Most of the premium manufacturers now offer an all-electric SUV, and the Mercedes EQC is the German brand’s mid-sized offering. It was also its first mainstream EV, and serves up impressive refinement and comfort that’s in keeping with its upmarket reputation. It certainly isn’t cheap, but there’s enough technology and kit to help justify the EQC’s price.
Interior space is a little compromised when compared to rivals and the EQC’s considerable weight takes away from the driving experience. However, the super-quick, straight-line pace certainly puts a smile on your face, and the usable electric range is good enough for us to recommend the car.
The Mercedes EQC is based on the Concept EQ, which was first shown at the 2016 Paris Motor Show. The SUV was the manufacturer’s first all-electric production vehicle and started the move away from the internal-combustion engine and towards a cleaner, greener model range.
It may seem a little strange for Mercedes to kick off its electric revolution by introducing a big, heavy SUV, but it has a host of new battery-powered cars to launch over the next few years, and needs time to build profitable economies of scale with its smaller models. SUVs generally suit electric powertrains too, thanks to their tall shape that leaves space in the floor area for the batteries.
Instead of designing a custom EV platform, Mercedes has based the EQC on architecture used on the existing GLC model. Its Audi e-tron rival also shares parts with its Q5 and Q7 siblings, but other competitors such as the Jaguar I-Pace and Tesla Model X have been designed from the ground up on new platforms, which gives flexibility to maximise interior space and keep overall weight down.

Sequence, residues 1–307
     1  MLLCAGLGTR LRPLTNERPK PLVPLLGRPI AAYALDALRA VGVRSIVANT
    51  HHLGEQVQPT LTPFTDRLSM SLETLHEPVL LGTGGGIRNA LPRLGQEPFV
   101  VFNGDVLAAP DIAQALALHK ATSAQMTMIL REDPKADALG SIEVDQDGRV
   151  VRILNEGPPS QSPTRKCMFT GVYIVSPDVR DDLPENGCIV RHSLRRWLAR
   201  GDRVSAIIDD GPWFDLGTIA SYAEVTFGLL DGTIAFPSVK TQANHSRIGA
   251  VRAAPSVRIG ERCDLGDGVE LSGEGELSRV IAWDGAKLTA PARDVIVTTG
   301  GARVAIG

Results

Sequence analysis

Power for the five-door EQC comes from an 80kWh battery, with an electric motor at each axle. This set-up brings a useful total output of 403bhp, but more significantly there’s a huge 760Nm of torque instantly available from the first press of the accelerator. Of course, being an electric vehicle, the EQC operates a single-speed automatic transmission.Despite weighing in at almost two-and-a-half-tonnes, the EQC is capable of 0-62mph in 5.1 seconds and also maintains a claimed range of up to 255 miles on a single charge.
Prices start from just over £70,000 for the entry-level Sport version, with the range building through AMG Line, AMG Line Premium and Premium Plus equipment lines. All cars are well kitted out, particularly with the inclusion of active safety systems such as Blind Spot Assist and Active Lane Departure Warning.
When you first drive an electric car, the most obvious quality is the instant acceleration on offer – from a standing start and also while on the move. All of the EQC’s considerable 760Nm of torque is available from the moment you press the pedal, so it’s capable of shifting along at a decent pace – even given the SUV’s hefty 2.5 tonne weight.
Driver involvement is a different story, as there’s precious little on offer. Toggling through the driving modes puts the adaptive dampers to work and can firm up the ride, but the changes are minimal and aren’t enough to disguise the weight issue and the rather numb steering feel.
On balance, the EQC isn’t supposed to offer hot hatch levels of handling, and customers will no doubt see comfort and refinement as being much more important attributes. However, there is more driver involvement on offer from rivals, with the BMW iX in particular providing more feedback and a more sporting feel.
The EQC isn’t quite as adept at handling broken road surfaces at low speed as its Audi e-tron rival, although it performs better as you up the pace. It might well be an idea to steer clear of the biggest 21-inch wheels, as smaller wheels offer a better ride around town.